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Michael Wexionius (Gyldenstolpe)

Michael Olsson Wexionius (from 1650 Gyldenstolpe)
Born February 16, 1608, Pjätteryd, Sweden. Died June 28, 1670, Turku.

Master of Philosophy, 1632, University of Uppsala

Rector, Royal Academy of Turku, 1641-42, 1653-55
Professor of Jurisprudence, Royal Academy of Turku, 1647-58
Dean, Faculty of Philosophy, Royal Academy of Turku, 1640
Professor of Politic and History, 1640-58, Royal Academy of Turku
Rector, 1638-40, Växjö school

Judge, Pohjanmaan tuomiokunta, (Ostrobothnia assizes), 1663-70, Älvsborg province, 1667-70
Clerk to the nobility, Turku Court of Appeal, 1658-70

Honorary Doctor of Laws, Royal Academy of Turku

Photo: Svenskt biografiskt lexikon
Written by Tomas Sjöblom
Translated by John Calton

Connections in high places

Michael Wexionius was born the son of a clergyman in Småland, Sweden. His family circumstances were auspicious for someone intent on a scholarly future, since the southern Swedish province had connections to several of the Royal Academy of Turku’s founding fathers. Count Per Brahe was a holder of several fiefdoms there and the bishop and vice-chancellor Isaacus Rothovius was also from Småland.

His name - Wexionius - was based on his school in Växjö. He enrolled for studies at the University of Uppsala in 1626, and was fortunate enough to receive the patronage of the Swedish king’s half-brother, the Lord High Admiral, Carl Gyllenhielm. He had established a fund for the University at Uppsala in 1629, and Wexionius was among the first to receive a grant, thanks to which he was able to complete his Master’s degree in 1632. Wexonius’ dissertation Positiones philosophicae was a demonstration of several diverse theoretical fields of enquiry.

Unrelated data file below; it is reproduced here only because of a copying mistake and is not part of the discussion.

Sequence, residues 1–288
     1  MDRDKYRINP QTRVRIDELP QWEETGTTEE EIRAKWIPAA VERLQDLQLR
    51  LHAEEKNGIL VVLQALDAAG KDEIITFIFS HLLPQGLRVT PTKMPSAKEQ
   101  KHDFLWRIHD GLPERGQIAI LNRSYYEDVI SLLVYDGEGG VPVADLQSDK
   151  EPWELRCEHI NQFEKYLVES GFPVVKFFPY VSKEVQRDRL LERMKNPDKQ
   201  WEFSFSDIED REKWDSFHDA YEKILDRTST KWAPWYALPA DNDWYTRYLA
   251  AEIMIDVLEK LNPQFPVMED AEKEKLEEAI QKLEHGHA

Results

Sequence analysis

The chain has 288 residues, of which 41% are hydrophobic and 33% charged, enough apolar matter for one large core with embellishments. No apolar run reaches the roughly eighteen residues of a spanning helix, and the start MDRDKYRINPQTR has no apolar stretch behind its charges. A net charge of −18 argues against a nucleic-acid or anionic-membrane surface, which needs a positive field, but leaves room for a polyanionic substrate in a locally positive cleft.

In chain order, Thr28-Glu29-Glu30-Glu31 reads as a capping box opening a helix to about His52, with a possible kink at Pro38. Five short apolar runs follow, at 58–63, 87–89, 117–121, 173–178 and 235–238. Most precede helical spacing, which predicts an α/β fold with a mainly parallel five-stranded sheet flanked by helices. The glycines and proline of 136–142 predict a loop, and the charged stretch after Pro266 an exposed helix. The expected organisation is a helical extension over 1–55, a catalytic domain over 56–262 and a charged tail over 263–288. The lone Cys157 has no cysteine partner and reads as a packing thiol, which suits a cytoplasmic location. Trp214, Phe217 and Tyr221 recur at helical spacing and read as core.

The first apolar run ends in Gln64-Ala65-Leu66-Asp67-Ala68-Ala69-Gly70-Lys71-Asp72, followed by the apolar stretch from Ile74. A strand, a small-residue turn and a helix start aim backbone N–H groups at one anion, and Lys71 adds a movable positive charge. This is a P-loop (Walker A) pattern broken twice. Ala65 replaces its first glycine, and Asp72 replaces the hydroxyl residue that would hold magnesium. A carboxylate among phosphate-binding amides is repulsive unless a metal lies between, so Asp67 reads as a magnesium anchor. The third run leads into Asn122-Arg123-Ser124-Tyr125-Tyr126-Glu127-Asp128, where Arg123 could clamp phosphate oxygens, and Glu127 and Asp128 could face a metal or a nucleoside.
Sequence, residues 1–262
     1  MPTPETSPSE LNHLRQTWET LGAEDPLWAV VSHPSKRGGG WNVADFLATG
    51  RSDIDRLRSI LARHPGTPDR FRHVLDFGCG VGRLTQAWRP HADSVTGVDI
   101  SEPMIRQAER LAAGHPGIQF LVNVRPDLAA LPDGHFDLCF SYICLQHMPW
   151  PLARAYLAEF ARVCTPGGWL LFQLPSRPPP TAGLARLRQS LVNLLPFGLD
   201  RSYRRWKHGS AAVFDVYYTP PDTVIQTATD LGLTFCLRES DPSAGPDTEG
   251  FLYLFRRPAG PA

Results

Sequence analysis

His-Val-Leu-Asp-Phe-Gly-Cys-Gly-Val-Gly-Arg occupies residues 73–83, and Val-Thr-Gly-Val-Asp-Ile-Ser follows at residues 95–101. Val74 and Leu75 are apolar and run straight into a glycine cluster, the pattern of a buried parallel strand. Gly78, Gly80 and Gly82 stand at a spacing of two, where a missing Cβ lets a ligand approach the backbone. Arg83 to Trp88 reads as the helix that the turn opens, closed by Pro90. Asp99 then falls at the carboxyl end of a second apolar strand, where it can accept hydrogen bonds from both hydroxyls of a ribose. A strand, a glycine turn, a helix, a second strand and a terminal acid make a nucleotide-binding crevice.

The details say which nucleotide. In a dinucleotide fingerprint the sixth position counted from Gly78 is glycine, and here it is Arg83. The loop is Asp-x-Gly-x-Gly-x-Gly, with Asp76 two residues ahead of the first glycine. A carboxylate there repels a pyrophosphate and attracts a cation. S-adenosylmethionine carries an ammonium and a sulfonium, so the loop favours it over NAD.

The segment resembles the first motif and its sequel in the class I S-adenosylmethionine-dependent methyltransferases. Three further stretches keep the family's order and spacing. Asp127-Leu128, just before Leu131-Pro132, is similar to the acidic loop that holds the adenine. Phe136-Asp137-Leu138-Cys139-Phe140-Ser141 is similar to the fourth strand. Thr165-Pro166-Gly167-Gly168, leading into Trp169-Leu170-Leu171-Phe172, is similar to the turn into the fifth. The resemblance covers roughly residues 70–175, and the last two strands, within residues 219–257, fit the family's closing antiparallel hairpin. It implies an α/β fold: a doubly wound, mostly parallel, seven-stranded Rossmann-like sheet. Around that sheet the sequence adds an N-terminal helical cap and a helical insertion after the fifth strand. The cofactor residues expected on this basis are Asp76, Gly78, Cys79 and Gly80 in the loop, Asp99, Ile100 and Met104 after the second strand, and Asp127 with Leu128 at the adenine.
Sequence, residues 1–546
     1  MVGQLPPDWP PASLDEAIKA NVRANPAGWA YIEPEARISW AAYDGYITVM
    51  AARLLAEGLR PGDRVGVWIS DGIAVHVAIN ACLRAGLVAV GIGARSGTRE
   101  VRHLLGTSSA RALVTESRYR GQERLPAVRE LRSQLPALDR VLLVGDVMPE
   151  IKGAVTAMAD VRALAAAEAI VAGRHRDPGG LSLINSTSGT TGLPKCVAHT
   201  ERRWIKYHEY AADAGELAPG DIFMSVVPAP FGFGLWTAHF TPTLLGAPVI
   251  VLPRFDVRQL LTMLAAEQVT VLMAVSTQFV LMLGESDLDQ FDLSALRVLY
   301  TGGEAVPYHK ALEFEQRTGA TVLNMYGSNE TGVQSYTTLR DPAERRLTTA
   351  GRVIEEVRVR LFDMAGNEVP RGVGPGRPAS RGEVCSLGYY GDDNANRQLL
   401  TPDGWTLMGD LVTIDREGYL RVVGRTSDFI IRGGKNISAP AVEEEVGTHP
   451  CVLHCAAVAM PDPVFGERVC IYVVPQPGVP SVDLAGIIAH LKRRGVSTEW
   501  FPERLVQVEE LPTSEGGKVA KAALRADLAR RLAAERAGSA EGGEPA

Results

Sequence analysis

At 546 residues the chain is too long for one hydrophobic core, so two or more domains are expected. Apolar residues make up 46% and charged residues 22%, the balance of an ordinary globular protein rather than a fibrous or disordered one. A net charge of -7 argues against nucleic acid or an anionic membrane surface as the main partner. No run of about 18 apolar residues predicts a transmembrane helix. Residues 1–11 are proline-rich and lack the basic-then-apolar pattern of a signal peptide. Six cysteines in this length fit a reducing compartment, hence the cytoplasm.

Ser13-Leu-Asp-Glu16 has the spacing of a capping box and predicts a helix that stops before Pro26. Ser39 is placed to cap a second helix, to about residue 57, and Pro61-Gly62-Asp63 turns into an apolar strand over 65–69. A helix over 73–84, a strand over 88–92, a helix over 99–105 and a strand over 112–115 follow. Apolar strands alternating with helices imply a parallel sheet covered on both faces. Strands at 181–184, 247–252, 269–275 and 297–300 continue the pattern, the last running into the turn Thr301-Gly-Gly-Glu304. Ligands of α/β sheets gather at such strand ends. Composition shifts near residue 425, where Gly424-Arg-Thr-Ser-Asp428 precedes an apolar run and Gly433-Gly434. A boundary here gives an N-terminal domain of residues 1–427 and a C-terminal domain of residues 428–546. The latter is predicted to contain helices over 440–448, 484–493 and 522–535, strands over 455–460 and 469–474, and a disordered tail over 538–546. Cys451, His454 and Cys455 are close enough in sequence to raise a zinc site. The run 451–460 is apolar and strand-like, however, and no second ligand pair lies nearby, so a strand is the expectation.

Gyllenhielm continued to support his protégé by recommending him to no less a statesman than the Lord High Chancellor of Sweden, Count Axel Oxenstierna. The count granted Wexionius funding for a further four years for study trips abroad. Wexionius studied a range of subjects in Dutch and German universities in the years 1633-36. He returned to Sweden and took up a position under Oxenstierna. He was also rector of the Växjö school from 1638 to 1640.

The decision to establish the Royal Academy of Turku was made in 1638, largely at the initiative of Per Brahe and Oxenstierna. And these two men were influential in Wexionius’ appointment as the first ‘professor of politic and history’ in 1640.

Wexionius sought and was granted the chair in jurisprudence in 1647, but retained his previous academic position. Exploiting his connection to Brahe, Wexionius was ennobled in 1650. He was recorded in the Swedish House of Nobility under the name Gyldenstolpe. In the same year, a dispute arose as to whether he himself had the right to award the degree of doctor of laws, when he himself had not completed a final thesis in jurisprudence. A solution was found: he was awarded the first doctor of laws degree in Finland.

In 1657, he was appointed clerk to the nobility at the court of appeal in Turku, a position he had yearned for over many years. He commenced his duties the following year, and subsequently relinquished his professorial duties. Wexionius was also appointed judge at the Ostrobothnian assizes in 1663 and judge at Älvsborg in 1667.

Chalcography of professor Wexonius. Image: Svenskt biografiskt lexikon.​
Chalcography of professor Wexonius. Image: Svenskt biografiskt lexikon.​


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